NFC North: Chad Johnson
Johnson, of course, was in town for family reasons and was merely a training camp guest. He hasn't played in the NFL since the Miami Dolphins released him last summer, and if the Lions decide to search for further depth, he isn't likely to be atop their list.
Still, the news ripple affords us a chance to check in on the Lions' receivers after a week of training camp. To this point, the news has been almost all good. Most importantly, veterans Nate Burleson and Ryan Broyles -- both of whom are working back from leg injuries that ended their 2012 seasons -- have not missed a rep.
Broyles' performance has been exceptionally notable, providing a level of assurance that the Lions will have a well-functioning group around Calvin Johnson when the season begins. Broyles is about eight months removed from tearing the ACL in his right knee.
"Sometimes we tend to lose sight of where he is with the ACL and the rehab," Lions coach Jim Schwartz told reporters after Thursday's practice. "He's much farther ahead than where he was last year and he really came on last year. It’s tough. You're not going to feel great every day. There are going to be some days where you're out here and you're trying to push through. Our trainers do a good job at managing him and he does a very good job of rehabbing. [Wednesday] we had a day off and I think there's no coincidence that Ryan was able to come out here [Thursday] and make some plays."
It's worth noting that Broyles' most recent ACL tear came a month later on the calendar than the one he suffered in his final season at Oklahoma, once again demonstrating that every ACL tear is different. The Lions worked him into their lineup slowly last season; he didn't appear in a game until Week 3 or make a catch until Week 7.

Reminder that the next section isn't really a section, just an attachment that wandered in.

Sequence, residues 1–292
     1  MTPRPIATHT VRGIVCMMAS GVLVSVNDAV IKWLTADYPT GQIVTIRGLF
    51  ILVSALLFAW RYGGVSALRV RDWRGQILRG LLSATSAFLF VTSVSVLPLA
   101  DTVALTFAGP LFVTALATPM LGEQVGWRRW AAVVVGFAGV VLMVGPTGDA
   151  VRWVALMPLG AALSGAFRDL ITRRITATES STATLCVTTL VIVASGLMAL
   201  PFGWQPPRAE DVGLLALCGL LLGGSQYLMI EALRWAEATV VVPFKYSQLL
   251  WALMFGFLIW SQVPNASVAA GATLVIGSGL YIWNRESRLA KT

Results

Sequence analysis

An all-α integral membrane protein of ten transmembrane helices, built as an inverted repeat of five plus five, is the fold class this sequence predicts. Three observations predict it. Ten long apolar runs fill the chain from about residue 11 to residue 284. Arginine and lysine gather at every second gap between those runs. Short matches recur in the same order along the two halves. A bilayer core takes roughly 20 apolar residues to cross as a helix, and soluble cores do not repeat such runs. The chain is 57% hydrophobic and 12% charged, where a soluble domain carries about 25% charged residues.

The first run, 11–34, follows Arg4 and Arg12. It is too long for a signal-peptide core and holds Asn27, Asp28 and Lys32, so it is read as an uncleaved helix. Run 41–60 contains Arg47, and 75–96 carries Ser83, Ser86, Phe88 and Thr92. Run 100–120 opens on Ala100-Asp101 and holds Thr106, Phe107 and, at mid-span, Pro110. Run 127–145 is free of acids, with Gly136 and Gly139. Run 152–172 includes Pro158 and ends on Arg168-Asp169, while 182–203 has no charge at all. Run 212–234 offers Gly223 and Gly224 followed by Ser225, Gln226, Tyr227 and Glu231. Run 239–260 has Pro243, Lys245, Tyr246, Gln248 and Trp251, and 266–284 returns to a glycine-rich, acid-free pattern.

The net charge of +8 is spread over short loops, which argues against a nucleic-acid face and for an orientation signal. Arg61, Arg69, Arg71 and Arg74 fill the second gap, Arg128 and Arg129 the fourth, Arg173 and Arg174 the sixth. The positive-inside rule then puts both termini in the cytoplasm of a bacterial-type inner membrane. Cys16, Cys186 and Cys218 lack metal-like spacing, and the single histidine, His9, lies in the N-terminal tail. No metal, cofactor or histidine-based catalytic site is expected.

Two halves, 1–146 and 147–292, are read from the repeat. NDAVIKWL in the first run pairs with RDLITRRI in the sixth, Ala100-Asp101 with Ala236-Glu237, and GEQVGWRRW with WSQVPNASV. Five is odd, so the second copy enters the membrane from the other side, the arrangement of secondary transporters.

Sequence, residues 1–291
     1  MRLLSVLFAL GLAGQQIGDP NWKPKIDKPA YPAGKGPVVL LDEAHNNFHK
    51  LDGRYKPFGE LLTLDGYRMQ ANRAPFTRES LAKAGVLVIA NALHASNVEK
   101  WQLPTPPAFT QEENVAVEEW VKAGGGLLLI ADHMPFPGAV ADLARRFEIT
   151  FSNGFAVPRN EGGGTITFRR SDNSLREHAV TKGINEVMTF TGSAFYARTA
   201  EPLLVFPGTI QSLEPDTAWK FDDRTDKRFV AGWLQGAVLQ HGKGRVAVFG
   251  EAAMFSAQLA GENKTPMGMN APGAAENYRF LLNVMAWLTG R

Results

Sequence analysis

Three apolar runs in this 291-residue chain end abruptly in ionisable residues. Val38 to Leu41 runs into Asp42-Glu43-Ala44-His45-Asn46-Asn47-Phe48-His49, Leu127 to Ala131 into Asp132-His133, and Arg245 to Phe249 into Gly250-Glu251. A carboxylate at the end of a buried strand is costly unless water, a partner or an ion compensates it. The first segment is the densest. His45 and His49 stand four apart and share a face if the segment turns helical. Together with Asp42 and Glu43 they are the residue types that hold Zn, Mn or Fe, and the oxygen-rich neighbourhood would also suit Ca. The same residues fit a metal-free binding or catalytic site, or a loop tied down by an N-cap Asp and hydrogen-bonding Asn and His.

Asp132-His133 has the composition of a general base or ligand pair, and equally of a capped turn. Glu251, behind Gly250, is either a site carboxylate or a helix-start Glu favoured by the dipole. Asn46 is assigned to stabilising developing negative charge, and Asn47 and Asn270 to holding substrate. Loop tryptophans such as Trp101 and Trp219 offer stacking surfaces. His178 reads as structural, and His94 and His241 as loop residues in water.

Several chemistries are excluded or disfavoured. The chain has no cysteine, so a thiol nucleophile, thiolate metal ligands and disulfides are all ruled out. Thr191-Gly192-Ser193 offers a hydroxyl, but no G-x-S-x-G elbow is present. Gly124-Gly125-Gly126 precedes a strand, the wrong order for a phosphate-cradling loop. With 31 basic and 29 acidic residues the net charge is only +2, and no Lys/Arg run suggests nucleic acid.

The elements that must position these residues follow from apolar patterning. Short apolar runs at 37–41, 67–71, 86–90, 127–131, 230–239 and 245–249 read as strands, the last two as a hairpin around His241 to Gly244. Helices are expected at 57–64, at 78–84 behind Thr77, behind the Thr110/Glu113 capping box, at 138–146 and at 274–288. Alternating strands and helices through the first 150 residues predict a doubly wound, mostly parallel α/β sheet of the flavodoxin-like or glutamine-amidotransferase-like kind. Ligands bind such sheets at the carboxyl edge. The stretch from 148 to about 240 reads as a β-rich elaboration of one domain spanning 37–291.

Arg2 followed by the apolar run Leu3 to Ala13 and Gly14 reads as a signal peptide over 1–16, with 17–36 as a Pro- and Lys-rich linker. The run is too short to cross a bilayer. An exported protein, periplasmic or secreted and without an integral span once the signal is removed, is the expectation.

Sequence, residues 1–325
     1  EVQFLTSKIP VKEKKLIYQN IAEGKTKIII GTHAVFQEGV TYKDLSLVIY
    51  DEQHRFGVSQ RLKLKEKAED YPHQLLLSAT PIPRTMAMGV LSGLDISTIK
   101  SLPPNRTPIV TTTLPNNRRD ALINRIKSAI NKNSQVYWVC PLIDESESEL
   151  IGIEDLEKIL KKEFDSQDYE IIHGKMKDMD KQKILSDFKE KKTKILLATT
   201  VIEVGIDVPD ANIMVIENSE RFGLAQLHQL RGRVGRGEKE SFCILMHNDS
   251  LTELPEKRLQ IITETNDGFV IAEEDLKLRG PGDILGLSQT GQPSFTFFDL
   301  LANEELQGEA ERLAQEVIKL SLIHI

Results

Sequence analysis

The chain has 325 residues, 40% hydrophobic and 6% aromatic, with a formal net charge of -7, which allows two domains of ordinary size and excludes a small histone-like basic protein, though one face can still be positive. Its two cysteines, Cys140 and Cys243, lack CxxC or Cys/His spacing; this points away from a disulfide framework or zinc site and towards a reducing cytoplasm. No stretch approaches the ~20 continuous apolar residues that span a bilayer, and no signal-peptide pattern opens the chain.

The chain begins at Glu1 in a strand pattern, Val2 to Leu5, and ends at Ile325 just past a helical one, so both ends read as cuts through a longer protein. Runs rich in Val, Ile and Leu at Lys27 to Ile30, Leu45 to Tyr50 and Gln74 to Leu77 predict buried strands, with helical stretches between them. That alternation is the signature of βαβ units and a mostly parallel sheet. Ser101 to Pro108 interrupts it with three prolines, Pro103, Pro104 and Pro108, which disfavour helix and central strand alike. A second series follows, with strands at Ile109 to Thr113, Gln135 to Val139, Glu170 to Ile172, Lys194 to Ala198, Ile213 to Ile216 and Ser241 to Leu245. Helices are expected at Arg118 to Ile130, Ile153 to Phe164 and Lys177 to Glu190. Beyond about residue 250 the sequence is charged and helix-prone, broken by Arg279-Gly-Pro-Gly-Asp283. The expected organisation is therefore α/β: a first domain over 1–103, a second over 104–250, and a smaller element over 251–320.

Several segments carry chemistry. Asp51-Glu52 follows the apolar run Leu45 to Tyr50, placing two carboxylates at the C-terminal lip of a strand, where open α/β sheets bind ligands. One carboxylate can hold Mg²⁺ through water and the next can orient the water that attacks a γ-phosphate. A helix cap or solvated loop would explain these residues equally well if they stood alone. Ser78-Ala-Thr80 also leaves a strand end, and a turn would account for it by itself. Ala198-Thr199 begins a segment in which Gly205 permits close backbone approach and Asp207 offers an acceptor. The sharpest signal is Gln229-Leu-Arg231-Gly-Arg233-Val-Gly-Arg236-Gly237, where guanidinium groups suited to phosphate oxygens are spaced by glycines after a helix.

At this point, there appears to be no concerns about immediate availability for either him or Burleson. That leaves the Lions in a more comfortable position of evaluating depth for their No. 4 position and beyond, a group that includes Mike Thomas, Chaz Schilens, Patrick Edwards and Kris Durham. No need to add Chad Johnson to that list.
The Packers have limited Clifton's practice repetitions for years to preserve his health, and ultimately, McCarthy said, his future is "a medical decision."
Meanwhile, Driver is busy this month participating in ABC's "Dancing With the Stars." His contract calls for him to earn about $5 million in 2012, but he said earlier this offseason he would be willing to restructure if that kept him with the Packers. If so, there wouldn't be any risk in bringing him to training camp.
"Donald's still on our roster," McCarthy said. "I thought Donald, the second half of the season, he played very well. His role, as far as opportunities, was not as high as it's been in the past, but I thought Donald was very consistent down the stretch. I thought he played well in the playoff game."
Things change quickly in the NFL, but for the moment, McCarthy appeared to indicate that neither player will be leaving the franchise in the near future.
On Sunday, Breana of Chicago prompted this debate: If you had to pick, would you prefer a great quarterback with average receivers or vice versa? After all, that pretty much describes the situations in Chicago and Minnesota, respectively. What's the preferable arrangement?
About 500 of your closest friends jumped into the fray, with a clear majority favoring a superior quarterback over top receivers in the abstract. But there were a number of you who pointed out the limitations facing any quarterback with inferior receivers, while some noted specific instances of an otherwise middling quarterback lifted to prominence by a stellar group of pass-catchers.